Do We Even Have An Unemployment Problem?
Last week’s Thought of the Week criticized the Fed’s use of Quantitative Easing (QE) to try to repair the structural issues in unemployment in our country. Our Investment Committee’s argument was that the Fed lacked the necessary tools to fix the real issues that affect those individuals who have been out of work for more than six months. However, our Investment Committee also believes that unemployment is not as bad as the Fed has declared.
Long-term unemployment is currently at 2.5%, which is well above its average of 1%. Despite that, our Investment Committee believes that long-term unemployment has little effect on our economy for three reasons:
- They Can’t Keep a Job: The data indicates that the long-term unemployed not only have a hard time finding a job but also keeping a job. Many workers end up unemployed within months of landing a new job for a variety of reasons (personality, poorly trained, etc.).
- Most Won’t Leave Their Field: Long-term unemployed appear to be unwilling to make big career changes and tend to prefer to search for employment in the fields that they know best.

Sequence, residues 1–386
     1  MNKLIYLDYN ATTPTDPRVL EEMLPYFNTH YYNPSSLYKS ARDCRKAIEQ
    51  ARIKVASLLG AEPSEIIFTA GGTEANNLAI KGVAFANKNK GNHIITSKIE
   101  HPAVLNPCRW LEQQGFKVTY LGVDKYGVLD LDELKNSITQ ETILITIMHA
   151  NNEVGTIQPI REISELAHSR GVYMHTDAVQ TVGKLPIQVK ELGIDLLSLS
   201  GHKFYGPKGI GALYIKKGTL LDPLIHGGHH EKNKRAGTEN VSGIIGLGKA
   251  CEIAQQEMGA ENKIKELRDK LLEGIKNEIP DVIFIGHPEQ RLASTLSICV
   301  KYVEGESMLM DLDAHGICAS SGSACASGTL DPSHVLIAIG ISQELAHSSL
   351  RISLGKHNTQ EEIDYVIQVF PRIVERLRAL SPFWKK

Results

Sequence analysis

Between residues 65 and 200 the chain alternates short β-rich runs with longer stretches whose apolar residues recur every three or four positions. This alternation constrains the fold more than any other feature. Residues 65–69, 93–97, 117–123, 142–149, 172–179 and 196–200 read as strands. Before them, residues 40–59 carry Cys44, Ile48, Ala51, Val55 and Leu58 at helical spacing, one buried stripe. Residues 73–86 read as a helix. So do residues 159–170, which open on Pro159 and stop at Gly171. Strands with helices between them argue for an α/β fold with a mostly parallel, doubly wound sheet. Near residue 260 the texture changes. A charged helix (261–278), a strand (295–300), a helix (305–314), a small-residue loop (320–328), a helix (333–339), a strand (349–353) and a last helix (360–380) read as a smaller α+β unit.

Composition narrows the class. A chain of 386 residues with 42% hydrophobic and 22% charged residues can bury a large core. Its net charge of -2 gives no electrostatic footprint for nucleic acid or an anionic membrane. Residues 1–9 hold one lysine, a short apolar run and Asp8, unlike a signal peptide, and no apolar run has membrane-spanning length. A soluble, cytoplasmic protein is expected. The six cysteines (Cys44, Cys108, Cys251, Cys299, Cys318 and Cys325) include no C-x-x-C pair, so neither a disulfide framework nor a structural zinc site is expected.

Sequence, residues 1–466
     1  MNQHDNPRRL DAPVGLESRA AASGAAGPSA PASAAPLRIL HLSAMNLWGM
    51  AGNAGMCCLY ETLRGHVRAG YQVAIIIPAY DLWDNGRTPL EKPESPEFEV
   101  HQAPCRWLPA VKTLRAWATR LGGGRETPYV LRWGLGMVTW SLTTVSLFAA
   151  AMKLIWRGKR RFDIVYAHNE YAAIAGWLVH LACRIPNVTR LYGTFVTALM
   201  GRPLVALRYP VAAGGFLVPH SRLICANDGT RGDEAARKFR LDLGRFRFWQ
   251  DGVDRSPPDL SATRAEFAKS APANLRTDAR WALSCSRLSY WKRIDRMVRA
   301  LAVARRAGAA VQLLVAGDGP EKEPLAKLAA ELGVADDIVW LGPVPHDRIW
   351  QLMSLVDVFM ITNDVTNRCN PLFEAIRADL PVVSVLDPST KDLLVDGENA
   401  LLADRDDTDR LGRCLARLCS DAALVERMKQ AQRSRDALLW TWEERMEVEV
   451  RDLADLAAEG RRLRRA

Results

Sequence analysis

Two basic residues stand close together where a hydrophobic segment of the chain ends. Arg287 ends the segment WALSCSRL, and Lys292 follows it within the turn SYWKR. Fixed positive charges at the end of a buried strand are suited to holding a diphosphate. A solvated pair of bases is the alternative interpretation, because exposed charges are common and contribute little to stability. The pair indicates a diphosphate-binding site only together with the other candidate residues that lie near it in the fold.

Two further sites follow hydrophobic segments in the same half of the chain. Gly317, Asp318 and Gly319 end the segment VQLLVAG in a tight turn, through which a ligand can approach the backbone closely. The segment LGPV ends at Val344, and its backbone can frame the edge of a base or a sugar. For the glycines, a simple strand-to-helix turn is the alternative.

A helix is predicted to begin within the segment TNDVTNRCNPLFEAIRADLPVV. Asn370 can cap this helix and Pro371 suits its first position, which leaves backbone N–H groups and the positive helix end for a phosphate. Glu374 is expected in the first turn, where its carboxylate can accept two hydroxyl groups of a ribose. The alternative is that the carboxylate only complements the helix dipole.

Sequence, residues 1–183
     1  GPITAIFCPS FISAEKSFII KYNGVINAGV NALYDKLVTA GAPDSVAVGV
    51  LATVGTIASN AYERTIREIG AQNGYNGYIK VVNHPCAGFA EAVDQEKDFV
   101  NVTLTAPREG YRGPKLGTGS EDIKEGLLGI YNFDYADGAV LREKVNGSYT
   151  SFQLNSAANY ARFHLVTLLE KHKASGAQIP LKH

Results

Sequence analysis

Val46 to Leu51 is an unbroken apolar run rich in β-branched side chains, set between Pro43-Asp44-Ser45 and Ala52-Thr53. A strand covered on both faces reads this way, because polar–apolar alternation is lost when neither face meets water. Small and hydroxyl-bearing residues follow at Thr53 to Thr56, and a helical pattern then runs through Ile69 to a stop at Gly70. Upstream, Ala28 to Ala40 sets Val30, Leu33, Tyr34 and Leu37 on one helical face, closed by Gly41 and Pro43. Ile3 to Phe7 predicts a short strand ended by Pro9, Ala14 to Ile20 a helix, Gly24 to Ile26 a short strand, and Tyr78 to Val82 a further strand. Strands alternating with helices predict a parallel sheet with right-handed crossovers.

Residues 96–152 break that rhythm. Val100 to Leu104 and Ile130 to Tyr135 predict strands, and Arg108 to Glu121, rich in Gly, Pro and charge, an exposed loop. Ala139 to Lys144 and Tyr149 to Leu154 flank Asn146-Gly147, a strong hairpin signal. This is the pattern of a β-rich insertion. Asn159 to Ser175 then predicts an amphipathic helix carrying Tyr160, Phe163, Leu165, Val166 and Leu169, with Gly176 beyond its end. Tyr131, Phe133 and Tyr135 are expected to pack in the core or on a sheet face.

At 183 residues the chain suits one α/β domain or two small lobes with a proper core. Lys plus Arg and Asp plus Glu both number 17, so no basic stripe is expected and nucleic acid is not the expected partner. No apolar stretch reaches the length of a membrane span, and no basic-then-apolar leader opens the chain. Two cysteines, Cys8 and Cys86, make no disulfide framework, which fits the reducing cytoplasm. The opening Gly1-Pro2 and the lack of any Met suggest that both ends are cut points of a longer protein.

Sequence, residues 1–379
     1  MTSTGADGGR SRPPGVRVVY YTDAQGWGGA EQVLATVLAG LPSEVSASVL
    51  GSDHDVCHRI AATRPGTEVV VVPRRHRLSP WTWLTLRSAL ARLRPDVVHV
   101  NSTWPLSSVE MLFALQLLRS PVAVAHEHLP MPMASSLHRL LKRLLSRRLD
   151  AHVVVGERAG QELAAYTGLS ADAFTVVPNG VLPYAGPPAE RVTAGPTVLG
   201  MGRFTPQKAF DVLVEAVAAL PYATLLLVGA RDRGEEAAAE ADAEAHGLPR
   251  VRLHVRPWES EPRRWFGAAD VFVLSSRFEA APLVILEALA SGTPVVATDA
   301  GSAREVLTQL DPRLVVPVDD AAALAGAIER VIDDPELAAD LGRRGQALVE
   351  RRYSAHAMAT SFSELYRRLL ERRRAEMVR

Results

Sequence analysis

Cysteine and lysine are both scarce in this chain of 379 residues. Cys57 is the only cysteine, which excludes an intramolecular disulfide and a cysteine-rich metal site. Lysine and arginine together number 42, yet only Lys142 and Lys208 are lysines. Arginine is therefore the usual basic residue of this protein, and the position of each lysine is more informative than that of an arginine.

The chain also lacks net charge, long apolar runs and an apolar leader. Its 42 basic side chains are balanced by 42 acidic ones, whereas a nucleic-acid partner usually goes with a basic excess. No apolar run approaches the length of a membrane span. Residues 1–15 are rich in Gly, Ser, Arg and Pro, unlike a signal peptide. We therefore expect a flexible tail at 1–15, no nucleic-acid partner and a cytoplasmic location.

- Retirement: Long-term unemployed typically end up leaving the workforce, and the most common reason is because they no longer want a job, suggesting the decision is permanent.
The long-term unemployed have little effect on our economy because they do not force upward pressure on wages. Demand for their skills is generally low and they must often decide whether to “take it or leave it” from prospective employers.
Short-term unemployment is currently at 4.2%, which is well below its historical average of 4.8%. Our Investment Committee believes this is a more accurate measure of our labor market for two key reasons:
- There Aren’t Many Out There: Short-term unemployment currently represents 63% of all unemployed, which is far below the historical average of 84%. This means that the supply of available labor is lower than normal, and those who are short-term unemployed are finding work rather quickly.
- Demand is High for the Highly Skilled: The unemployment rate for those with a college degree or better is 3.8% vs. 12% for those without one. In other words, companies are desperate for talent as our economy continues to improve.
To sum it up, skilled employees are finding jobs quickly, and companies are now realizing that in order to attract talent and keep them, they must become more competitive in compensation. Additionally, our strengthening labor market is driving wages higher for those individuals who spend the most money in our economy. Our Investment Committee disagrees that total unemployment gives an accurate representation of the labor market because only the short-term unemployed are able to push wages higher.
Read this week’s Thought of the Week to learn more about the effect of unemployment on our economy.
Click Here for the Weekly Thought As an Investment Advisory Representative working in conjunction with Global Financial Private Capital (GFPC) we are provided weekly thoughts on what is happening in the economy and the market. Written by our investment committee at GFPC we find these thoughts to be informative and interesting.